Cost of employee health benefits likely to rise faster this year, global study finds
July 19, 2014 00:00 By The Nation 3,813 Viewed
The cost of providing employee healthcare benefits has stabilised worldwide, although a new round of increases may be on the horizon for employers, according to a new survey by Towers Watson, a global professional-services company.
Asia-Pacific employers experienced a medical trend (increased costs) of 8.8 per cent in 2013, and expect to experience a slight rise in this trend to 9.3 per cent in 2014. The survey also found that health promotion and wellness programmes were becoming more widespread in all regions as employers look to supplement traditional cost-management tactics to contain rising expenses.
The 2014 “Towers Watson Global Medical Trends Survey”, completed by 173 leading medical insurers in 58 countries, found that the cost of employee healthcare benefits was projected to increase 8.3 per cent globally this year, slightly higher than the 7.9- and 7.7-per-cent increases experienced in the past two years. The average increase in the Asia-Pacific region is projected to remain above the global average.
“While the cost of providing healthcare benefits to employees has stabilised over the past few years, controlling rising costs remains a significant concern for employers worldwide,” said Francis Coleman, director of international consulting at Towers Watson. “In fact, in all regions, health costs continue to rise at twice the rate of inflation. That’s a major concern for employers, with many insurers projecting costs to again escalate in the coming years.”
Chris Mayes, benefits director at Towers Watson Thailand, said: “In Thailand the medical insurers participating in the study reported an average increase in employee healthcare benefits for 2012 and 2013 of only 6.3 per cent per annum, one of the lowest rates in Asia-Pacific. However, for 2014 the expected rate of increase jumps to 8.7 per cent, or 6.5 per cent net of price inflation, which is the second-highest net rate expected in Asia-Pacific in 2014.”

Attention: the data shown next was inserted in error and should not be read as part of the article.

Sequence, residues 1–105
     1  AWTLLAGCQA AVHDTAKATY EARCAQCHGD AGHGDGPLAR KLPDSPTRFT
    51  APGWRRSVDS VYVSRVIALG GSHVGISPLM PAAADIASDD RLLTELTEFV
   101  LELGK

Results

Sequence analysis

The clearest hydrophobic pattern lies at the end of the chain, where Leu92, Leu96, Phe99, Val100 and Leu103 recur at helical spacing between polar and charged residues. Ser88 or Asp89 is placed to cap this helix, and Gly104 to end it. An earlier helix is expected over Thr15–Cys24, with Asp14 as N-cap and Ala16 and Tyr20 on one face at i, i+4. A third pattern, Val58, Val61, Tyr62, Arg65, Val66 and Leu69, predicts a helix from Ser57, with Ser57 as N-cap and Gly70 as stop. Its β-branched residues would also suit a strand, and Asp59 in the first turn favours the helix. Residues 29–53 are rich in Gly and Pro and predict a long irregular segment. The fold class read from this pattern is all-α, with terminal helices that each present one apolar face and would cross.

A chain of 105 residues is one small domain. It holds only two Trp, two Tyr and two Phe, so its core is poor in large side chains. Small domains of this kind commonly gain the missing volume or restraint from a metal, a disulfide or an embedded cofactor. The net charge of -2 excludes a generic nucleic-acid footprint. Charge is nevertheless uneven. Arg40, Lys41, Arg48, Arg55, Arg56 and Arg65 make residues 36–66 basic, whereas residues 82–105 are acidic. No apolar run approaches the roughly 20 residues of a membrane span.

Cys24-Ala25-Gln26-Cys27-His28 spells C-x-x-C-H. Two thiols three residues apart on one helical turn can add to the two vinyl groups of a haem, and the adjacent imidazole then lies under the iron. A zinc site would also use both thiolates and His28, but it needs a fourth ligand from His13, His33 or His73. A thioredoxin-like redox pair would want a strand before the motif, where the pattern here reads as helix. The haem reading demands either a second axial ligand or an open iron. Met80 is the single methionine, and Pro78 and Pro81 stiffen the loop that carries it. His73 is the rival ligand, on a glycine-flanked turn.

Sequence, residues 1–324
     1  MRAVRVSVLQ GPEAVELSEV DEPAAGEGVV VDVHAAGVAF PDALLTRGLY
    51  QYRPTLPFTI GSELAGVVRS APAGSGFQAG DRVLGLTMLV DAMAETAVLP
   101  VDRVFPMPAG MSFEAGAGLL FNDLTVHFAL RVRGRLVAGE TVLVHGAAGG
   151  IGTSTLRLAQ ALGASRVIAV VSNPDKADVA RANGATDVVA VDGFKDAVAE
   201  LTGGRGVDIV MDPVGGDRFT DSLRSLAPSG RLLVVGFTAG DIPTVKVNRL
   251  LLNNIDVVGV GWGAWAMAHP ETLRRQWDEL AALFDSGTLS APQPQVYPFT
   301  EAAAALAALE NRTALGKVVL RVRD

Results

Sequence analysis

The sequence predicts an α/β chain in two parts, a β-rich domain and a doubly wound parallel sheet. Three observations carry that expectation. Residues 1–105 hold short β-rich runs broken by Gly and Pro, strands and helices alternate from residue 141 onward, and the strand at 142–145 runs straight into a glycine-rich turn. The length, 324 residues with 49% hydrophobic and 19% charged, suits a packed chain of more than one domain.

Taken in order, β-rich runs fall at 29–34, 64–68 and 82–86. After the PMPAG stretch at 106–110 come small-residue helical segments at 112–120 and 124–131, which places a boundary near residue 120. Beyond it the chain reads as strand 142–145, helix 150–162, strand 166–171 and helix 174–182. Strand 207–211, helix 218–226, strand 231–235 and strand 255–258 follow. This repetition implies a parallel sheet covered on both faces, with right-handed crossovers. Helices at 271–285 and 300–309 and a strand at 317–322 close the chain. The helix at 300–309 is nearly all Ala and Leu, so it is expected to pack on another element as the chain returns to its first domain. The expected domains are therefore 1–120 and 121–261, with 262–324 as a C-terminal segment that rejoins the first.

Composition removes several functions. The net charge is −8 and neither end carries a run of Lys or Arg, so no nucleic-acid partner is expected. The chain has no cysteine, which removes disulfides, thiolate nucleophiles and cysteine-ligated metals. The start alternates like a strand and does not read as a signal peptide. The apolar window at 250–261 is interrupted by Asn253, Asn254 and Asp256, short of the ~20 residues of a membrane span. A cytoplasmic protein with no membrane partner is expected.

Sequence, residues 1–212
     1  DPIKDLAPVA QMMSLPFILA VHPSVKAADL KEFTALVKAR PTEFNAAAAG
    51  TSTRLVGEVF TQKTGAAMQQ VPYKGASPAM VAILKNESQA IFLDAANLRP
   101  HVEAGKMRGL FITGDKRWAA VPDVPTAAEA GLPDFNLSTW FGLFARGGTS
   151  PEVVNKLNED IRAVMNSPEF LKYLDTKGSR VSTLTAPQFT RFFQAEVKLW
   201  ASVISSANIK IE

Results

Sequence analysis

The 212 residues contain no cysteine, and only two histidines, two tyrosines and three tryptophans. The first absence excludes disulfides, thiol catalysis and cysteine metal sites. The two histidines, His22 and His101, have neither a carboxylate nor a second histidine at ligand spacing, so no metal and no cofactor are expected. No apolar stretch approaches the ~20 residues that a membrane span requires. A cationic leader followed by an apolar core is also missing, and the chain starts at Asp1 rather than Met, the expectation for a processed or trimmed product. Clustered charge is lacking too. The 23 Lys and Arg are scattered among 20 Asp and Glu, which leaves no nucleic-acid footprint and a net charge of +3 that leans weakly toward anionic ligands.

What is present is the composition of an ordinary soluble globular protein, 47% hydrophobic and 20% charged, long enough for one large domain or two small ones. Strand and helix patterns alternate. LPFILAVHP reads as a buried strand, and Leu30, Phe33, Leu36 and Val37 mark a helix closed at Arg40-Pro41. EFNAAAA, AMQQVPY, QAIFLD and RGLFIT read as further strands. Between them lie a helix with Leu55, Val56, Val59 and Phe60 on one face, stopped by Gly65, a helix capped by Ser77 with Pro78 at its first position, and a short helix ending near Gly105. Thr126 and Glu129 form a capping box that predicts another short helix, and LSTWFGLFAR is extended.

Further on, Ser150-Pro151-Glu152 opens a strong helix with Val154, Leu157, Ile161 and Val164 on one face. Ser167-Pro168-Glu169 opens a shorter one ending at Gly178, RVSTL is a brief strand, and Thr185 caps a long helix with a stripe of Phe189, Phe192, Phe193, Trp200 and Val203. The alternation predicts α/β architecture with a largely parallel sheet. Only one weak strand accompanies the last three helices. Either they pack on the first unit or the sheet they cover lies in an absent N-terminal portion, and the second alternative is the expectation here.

According to the survey, more than half (55 per cent) of insurers in all regions anticipate a higher or significantly higher medical trend over the next three years. Asia-Pacific insurers are particularly pessimistic, with more than two-thirds (69 per cent) saying they expect medical trend in the next three years to be higher or significantly higher than current rates.
This year’s survey examined factors driving medical costs in two ways: those cited to be employee or provider behaviour as compared with external factors such as the high cost of new medical technologies and the profit motives of providers.
In terms of employee/provider behaviour, three-quarters of insurers (78 per cent) globally are most concerned about providers driving up costs by over-prescribing or recommending too many services. The second leading factor was the belief that many plan participants are seeking inappropriate care (45 per cent). A significant change this year was the increased number of insurers (38 per cent) that now cite insureds’ poor health habits as the third leading factor.
The use of contracted provider networks (63 per cent) and pre-approval for inpatient services (68 per cent) remain among the top three medical-cost-management programmes. However, a large number of insurers (71 per cent) are also placing limits on certain services, thereby capping claims for some treatments in an effort to control costs.
The survey also found that respondents continue to report increased capability to offer health promotion features either directly or through a partner. The top three features offered by nearly two-thirds of insurers are second medical opinion, biometric screening, and lifestyle and health education.
“In Asia, the survey found that almost half of employers (44 per cent) have introduced wellness programmes or well-being features into their health programmes as a means to manage medical costs,” said Dr Rajeshree Parekh, director of health and corporate wellness for Asia-Pacific at Towers Watson.
“This is encouraging, as it shows employers recognise that they can manage health costs holistically – by enabling employees to become actively involved in their own health and making long-term, sustainable changes to their lifestyles. This less traditional method of cost management is slowly picking up speed across Asia-Pacific, and the employers leading the charge will find that it will result in a tangible ROI [return on investment], not just in terms of a healthier, happier workforce, but a healthier bottom line too.”
Mayes added: “The increased trend for wellness programmes holds true in Thailand too.
“Companies are turning to preventive measures to improve employee health, productivity and engagement – whether it is introducing employee-assistance plans to support employees during stressful times or by providing medical check-ups and health-risk assessments to allow employees to understand their current and future state of health.
“Thai companies are really starting to embrace the concept of the ‘happy workplace’ to improve employee well-being, which should help drive lower healthcare costs in the future.”